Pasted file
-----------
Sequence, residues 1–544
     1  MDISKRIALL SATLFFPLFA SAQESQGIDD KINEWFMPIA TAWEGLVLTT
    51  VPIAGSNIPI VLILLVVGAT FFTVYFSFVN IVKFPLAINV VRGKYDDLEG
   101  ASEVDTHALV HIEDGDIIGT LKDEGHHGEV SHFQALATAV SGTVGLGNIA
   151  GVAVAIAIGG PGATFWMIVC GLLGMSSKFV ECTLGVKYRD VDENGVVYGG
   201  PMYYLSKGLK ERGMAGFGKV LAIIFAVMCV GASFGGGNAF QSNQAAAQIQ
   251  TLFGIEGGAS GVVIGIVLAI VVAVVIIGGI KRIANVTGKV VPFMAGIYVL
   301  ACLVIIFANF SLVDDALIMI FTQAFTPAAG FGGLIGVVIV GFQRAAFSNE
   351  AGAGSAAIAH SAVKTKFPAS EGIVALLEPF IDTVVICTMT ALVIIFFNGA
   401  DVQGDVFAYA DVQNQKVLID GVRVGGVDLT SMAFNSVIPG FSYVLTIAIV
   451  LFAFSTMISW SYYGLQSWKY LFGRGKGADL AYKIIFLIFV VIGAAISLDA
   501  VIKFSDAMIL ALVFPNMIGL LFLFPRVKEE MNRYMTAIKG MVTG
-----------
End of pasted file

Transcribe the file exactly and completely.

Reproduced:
Sequence, residues 1–544
     1  MDISKRIALL SATLFFPLFA SAQESQGIDD KINEWFMPIA TAWEGLVLTT
    51  VPIAGSNIPI VLILLVVGAT FFTVYFSFVN IVKFPLAINV VRGKYDDLEG
   101  ASEVDTHALV HIEDGDIIGT LKDEGHHGEV SHFQALATAV SGTVGLGNIA
   151  GVAVAIAIGG PGATFWMIVC GLLGMSSKFV ECTLGVKYRD VDENGVVYGG
   201  PMYYLSKGLK ERGMAGFGKV LAIIFAVMCV GASFGGGNAF QSNQAAAQIQ
   251  TLFGIEGGAS GVVIGIVLAI VVAVVIIGGI KRIANVTGKV VPFMAGIYVL
   301  ACLVIIFANF SLVDDALIMI FTQAFTPAAG FGGLIGVVIV GFQRAAFSNE
   351  AGAGSAAIAH SAVKTKFPAS EGIVALLEPF IDTVVICTMT ALVIIFFNGA
   401  DVQGDVFAYA DVQNQKVLID GVRVGGVDLT SMAFNSVIPG FSYVLTIAIV
   451  LFAFSTMISW SYYGLQSWKY LFGRGKGADL AYKIIFLIFV VIGAAISLDA
   501  VIKFSDAMIL ALVFPNMIGL LFLFPRVKEE MNRYMTAIKG MVTG